S. Y. Chin, C. Y. Wu, “A CMOS ratio independent and gain insensitive algorithmic analog-to-digital converter”, IEEE JSSC, Vol. 31, No. 8, August 1996, pp. 1201–1207.Google Scholar
  12. [12]
    H. S. Lee, “A 12-bit 600ks/s digitally self-calibrated pipelined algorithmic ADC”, IEEE JSSC, Vol. 29, No. 4, April 1994, pp. 509–515.Google Scholar
  13. [13]
    M. Yotsuyanagi, T. Etoh, K. Hirata, “A 10-bit 50-MHz pipelined CMOS A/D converter with S/H”, IEEE JSSC, Vol. 28, No. 3, March 1993, pp. 292–300.Google Scholar
  14. [14]
    B. Nauta, A. G. W. Venes, “A 70-MS/s 110-mW 8-b CMOS folding and interpolating A/D converter”, IEEE JSSC, Vol. 30, No. 12, December 1995, pp. 1302–1308.Google Scholar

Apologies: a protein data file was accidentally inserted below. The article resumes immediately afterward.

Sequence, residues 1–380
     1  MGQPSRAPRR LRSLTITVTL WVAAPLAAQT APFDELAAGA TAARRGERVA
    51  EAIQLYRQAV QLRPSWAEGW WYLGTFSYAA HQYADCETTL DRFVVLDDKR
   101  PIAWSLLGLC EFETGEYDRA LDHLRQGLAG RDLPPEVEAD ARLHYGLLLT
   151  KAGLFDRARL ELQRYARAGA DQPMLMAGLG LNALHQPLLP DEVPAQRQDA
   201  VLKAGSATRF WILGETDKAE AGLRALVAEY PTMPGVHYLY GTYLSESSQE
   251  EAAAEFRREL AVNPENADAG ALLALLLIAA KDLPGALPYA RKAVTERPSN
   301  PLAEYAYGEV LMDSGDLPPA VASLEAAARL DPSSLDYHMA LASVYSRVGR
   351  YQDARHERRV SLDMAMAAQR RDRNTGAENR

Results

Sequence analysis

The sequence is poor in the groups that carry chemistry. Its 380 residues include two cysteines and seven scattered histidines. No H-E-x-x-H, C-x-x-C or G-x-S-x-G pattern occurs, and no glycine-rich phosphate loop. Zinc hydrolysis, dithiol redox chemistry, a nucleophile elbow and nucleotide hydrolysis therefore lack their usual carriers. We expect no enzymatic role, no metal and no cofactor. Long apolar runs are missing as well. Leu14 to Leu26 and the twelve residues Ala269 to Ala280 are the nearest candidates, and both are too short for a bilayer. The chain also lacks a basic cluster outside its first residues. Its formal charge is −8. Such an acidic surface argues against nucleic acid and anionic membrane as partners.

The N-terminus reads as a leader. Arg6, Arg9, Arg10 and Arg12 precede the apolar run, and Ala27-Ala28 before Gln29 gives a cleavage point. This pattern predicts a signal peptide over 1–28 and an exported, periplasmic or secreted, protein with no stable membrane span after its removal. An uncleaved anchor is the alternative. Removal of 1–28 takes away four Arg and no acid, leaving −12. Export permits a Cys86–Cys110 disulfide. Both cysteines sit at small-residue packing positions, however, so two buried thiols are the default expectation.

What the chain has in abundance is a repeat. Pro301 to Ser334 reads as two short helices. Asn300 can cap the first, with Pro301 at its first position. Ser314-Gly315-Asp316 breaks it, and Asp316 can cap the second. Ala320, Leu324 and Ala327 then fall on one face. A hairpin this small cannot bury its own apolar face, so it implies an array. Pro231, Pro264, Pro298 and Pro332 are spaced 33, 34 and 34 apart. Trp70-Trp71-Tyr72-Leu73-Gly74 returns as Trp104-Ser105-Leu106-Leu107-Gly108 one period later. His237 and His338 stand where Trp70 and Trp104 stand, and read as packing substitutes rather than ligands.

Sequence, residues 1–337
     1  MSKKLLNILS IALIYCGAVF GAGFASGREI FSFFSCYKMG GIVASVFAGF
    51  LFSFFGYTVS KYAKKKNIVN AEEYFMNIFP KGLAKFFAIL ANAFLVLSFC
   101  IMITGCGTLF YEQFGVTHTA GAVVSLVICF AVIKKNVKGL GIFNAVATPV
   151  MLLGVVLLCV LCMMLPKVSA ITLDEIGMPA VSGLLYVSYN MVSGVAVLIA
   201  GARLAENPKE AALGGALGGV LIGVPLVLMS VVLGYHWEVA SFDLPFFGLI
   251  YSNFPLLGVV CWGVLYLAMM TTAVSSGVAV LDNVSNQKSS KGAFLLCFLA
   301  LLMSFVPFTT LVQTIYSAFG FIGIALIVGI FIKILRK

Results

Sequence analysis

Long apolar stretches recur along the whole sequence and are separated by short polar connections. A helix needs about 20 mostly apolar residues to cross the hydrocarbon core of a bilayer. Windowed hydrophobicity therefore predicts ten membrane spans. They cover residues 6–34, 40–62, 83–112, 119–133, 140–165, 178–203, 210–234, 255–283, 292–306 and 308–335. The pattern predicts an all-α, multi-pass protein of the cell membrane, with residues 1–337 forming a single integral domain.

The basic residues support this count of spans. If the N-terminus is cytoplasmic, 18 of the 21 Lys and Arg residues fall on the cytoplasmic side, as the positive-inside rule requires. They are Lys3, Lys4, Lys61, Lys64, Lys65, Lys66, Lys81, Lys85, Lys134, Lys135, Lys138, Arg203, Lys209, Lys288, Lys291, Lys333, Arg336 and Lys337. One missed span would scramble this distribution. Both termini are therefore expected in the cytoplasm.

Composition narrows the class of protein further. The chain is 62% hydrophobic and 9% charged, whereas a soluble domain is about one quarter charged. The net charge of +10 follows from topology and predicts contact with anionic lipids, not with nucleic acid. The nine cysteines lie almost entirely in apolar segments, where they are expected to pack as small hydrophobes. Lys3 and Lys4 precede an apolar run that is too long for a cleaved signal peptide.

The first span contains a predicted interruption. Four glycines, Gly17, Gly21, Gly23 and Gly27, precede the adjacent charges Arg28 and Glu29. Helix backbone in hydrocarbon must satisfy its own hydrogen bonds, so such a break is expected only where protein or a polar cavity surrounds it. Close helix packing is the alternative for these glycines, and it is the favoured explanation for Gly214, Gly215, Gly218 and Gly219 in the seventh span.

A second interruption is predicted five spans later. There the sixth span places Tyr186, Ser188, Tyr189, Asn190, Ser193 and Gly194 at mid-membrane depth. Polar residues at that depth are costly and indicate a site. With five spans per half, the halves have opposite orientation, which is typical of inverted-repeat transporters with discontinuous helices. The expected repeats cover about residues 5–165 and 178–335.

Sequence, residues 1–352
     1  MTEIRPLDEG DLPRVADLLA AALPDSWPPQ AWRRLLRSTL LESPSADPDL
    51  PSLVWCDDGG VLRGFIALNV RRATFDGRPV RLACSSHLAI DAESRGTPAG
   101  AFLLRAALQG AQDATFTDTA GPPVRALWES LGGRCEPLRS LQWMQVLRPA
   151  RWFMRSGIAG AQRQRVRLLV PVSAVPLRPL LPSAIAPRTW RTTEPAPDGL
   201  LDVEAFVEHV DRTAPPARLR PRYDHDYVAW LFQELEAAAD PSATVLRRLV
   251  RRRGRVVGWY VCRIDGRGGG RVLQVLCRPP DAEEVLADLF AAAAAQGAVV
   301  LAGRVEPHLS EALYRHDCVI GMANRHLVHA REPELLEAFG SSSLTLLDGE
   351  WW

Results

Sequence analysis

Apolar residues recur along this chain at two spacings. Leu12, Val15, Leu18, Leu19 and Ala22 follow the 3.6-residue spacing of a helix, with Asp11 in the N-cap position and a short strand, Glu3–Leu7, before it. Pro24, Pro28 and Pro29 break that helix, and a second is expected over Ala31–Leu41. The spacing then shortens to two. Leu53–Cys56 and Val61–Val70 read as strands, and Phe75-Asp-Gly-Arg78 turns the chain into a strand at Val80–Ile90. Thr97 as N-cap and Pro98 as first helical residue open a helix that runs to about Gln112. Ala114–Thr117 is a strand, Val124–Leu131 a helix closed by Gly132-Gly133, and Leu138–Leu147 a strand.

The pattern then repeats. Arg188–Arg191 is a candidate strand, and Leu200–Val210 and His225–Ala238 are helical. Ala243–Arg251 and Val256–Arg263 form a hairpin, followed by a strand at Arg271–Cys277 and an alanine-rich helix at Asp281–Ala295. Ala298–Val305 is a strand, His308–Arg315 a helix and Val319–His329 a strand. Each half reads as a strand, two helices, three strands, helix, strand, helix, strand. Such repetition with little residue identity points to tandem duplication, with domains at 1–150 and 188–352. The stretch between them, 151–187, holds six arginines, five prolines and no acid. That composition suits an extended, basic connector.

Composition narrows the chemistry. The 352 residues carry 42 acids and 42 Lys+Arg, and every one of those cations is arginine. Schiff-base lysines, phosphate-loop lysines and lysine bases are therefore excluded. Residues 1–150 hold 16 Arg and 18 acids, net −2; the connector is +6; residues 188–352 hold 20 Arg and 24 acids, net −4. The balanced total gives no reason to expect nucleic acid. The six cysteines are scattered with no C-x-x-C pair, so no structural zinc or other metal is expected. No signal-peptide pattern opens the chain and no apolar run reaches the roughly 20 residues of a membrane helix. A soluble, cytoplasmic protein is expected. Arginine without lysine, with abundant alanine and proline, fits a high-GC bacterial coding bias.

15. [15]
    M. P. Flynn, D. J. Allstot, “CMOS folding A/D converters with current mode interpolation”, IEEE JSSC, Vol. 31, No. 9, September 1996, pp. 1248–1257.Google Scholar
  16. [16]
    A. G. W. Venes, R. J. van de Plassche, “An 80-MHz, 80-mW, 8-b CMOS folding A/D converter with distributed track-and-hold preprocessing”, IEEE JSSC, Vol. 31, No. 12, December 1996, pp. 1846–1853.Google Scholar
  17. [17]
    R. Rivoir, F. Maloberti, G. Torelli, “Digital to analog converter with dual resistor string”, US Patent No. 08/730,592Google Scholar

Copyright information

© Springer Science+Business Media New York 2003

Authors and Affiliations

  • Roberto Rivoir

There are no affiliations available

Personalised recommendations